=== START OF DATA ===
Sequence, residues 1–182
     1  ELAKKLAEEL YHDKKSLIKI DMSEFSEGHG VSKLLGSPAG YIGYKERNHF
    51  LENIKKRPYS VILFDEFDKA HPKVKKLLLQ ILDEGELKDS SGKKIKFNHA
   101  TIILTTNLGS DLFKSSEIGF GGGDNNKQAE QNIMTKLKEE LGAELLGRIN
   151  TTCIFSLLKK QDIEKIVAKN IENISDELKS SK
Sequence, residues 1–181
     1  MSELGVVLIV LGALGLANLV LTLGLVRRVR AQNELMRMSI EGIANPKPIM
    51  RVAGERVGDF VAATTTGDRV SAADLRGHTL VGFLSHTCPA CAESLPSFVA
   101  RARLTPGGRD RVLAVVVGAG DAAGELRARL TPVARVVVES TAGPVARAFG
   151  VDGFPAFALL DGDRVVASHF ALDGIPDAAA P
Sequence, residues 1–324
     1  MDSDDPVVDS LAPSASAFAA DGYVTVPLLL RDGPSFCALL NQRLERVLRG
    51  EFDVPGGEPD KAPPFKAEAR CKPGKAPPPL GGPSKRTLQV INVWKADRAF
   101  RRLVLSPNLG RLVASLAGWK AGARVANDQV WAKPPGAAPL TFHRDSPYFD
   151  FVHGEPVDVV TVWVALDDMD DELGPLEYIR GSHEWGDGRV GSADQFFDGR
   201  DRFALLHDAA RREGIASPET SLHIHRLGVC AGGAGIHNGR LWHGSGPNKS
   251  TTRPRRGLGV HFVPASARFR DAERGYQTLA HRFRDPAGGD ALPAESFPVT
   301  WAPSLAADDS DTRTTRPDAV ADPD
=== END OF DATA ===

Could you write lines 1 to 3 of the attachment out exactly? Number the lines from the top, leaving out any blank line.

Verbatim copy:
Sequence, residues 1–182
     1  ELAKKLAEEL YHDKKSLIKI DMSEFSEGHG VSKLLGSPAG YIGYKERNHF
    51  LENIKKRPYS VILFDEFDKA HPKVKKLLLQ ILDEGELKDS SGKKIKFNHA